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Nigeria: New president grapples with many challenges and opportunities

Just a month in power, President Bola Ahmed Tinubu has already received foreign entrepreneurs and investors at his villa, telling them Nigeria is open for business after a flurry of surprise economic reforms.  The former Lagos governor added a diplomatic step this week, becoming chairman of the West Africa bloc ECOWAS, with a call for more democracy and cooperation in the region wracked by coups and jihadists.

Tinubu, 71, has made a swift start, defying critics fearful of his health and appearing determined to propel Africa’s most populous nation back into the regional spotlight. “Nigeria, we are back,” he said, accepting the rotating presidency of 15-member Economic Community of West Africa States in Guinea Bissau. His financial overhaul — floating the naira currency and ending a fuel subsidy — and the push to promote Nigeria’s global role broke from former president Muhammadu Buhari’s  more low-key approach.

Supporters see the man known as the “Godfather of Lagos” for his political acumen bringing his experience to the regional stage. “Everybody is looking up to Nigeria, especially in Africa and the ECOWAS region and President Tinubu is ready to take up the gauntlet,” Dele Alake, a government spokesman, said. But while business chiefs from Bank of America to Shell and Western partners lined up to praise Tinubu for his swift reforms, the Nigerian leader still must tackle vast domestic financial difficulties.

Elected in February in a highly contested vote, Tinubu last month acknowledged his early policies caused short-term pain for Nigerians with higher fuel, transport and food costs.


And while he pushes Nigeria’s role as a regional heavyweight in West Africa, at home his own country struggles with huge security challenges.  “It is interesting to see Tinubu’s international focus, the key risk is being seen as a paper tiger,” said Cheta Nwanze, partner at SBM Intelligence, a Nigerian risk advisory.  “Only Nigeria is in the position to corral the region, but it will be difficult for Nigeria to do that when the homefront is still a mess.”

The continent’s biggest economy and a top oil producer, Nigeria has always been a regional player, sending troops on peacekeeping missions and offering leadership in multilateral African organisations. Under Tinubu’s predecessor, former army commander Buhari, Nigeria dislodged jihadists from the northeastern areas they once controlled, helped by troops from neighbouring Chad.  But critics say eight years of his unorthodox economics deterred investors while massive theft of oil undermined the petroleum sector. Nicknamed “Baba Go-Slow” by critics, Buhari also mostly kept a lower profile on the global stage.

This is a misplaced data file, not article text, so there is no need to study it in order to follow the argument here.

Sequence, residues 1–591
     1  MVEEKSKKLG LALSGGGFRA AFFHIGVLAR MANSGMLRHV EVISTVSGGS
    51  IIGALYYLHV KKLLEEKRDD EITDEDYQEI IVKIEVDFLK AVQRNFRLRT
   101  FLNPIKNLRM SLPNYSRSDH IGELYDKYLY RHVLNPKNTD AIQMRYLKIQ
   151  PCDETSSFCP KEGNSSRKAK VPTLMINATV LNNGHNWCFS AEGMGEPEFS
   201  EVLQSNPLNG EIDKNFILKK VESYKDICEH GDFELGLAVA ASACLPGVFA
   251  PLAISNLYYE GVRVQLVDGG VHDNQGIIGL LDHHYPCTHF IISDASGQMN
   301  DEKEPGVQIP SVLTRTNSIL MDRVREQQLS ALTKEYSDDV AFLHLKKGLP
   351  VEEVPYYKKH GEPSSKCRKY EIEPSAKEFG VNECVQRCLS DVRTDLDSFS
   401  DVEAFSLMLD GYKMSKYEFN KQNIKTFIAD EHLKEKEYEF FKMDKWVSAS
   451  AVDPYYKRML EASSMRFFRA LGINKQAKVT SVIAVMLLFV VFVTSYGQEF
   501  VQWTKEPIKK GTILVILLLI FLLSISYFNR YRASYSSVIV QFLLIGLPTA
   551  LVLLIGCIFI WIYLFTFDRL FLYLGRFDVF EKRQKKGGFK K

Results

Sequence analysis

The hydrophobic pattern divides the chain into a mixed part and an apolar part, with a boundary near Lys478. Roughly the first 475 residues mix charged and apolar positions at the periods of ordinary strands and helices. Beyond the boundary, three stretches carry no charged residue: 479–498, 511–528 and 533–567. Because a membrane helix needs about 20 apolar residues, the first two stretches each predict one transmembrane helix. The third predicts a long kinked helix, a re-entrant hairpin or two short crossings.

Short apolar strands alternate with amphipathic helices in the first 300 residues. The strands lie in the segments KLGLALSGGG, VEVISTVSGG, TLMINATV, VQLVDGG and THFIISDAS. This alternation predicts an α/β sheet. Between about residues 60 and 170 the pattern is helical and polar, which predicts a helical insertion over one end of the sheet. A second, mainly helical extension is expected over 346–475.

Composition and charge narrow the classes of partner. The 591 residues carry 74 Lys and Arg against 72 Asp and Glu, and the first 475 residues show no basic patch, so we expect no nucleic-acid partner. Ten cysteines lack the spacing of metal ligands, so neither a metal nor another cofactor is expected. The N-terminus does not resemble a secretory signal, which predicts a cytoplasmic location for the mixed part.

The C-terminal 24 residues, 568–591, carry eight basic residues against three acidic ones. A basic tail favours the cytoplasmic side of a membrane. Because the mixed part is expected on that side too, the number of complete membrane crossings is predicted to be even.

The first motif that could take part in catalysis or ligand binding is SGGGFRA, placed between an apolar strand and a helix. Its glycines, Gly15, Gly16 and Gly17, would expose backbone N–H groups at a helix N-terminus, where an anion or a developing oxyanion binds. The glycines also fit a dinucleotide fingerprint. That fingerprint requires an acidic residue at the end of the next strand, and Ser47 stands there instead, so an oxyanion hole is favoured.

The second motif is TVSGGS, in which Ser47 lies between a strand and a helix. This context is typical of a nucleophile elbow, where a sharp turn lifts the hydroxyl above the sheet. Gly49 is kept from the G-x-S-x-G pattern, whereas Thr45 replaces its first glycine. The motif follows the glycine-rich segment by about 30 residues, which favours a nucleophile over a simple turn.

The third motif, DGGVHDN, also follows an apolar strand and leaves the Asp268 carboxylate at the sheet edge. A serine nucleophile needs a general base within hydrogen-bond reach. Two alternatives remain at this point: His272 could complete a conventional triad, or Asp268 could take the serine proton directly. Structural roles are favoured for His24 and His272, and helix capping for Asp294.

“Nigeria’s leadership role within the West African sub-region has declined a little during Buhari’s tenure due to a number of reasons including some policy decisions,” said Professor Kabiru Sufi, public affairs senior lecturer at Kano College. “I believe Tinubu stands a chance to redeem Nigeria’s standing and status. His recent election as ECOWAS chairman is a good start.”   But the ECOWAS region is in a delicate spot. Three member states are now governed by military juntas after coups and jihadists control large parts of Burkina Faso. Facing a wave of anti-French sentiment, France has also withdrawn its military presence from Mali, Burkina and Central African Republic.


Even before he turns his attention outward, Tinubu faces enough challenges at home. Beyond the 14-year jihadist conflict, insecurity has spread to many parts of Nigeria, where bandits carry out mass kidnappings, intercommunal attacks destroy villages and separatist tensions simmer in the southeast. The economic outlook is equally as complex. Tinubu quickly reversed some of Buhari’s economic policies, ending a costly fuel subsidy meant to keep petrol prices low and lifting controls on the naira currency.

We are excited with the new government, some of the early decisions they have taken,” Bank of America international executive Bernard Mensah told reporters in Nigeria this month, echoing other multinationals visiting Tinubu. But, already hit hard by inflation, Nigerians now must deal with a naira devalued 40 percent and tripled fuel prices biting into their family budgets.

About 40 percent of Nigerians or nearly 83 million people already live below the poverty line, according to the World Bank.  In a report, the bank welcomed Tinubu’s early reforms as “timely and crucial”, but called for more social programmes to shield the most vulnerable.  “Without compensation, many households could be pushed into poverty,” it warned.

Along with the fuel subsidy and forex controls, public debt is also a risk. Last year, Nigeria spent 96 percent of its revenues on debt servicing alone, according to SBM. “Removing the fiscal and monetary distorters of fuel and FX subsidies are the first two crucial things,” its report said. “Right behind these two is the matter of debt management.”

Source: The North Africa Journal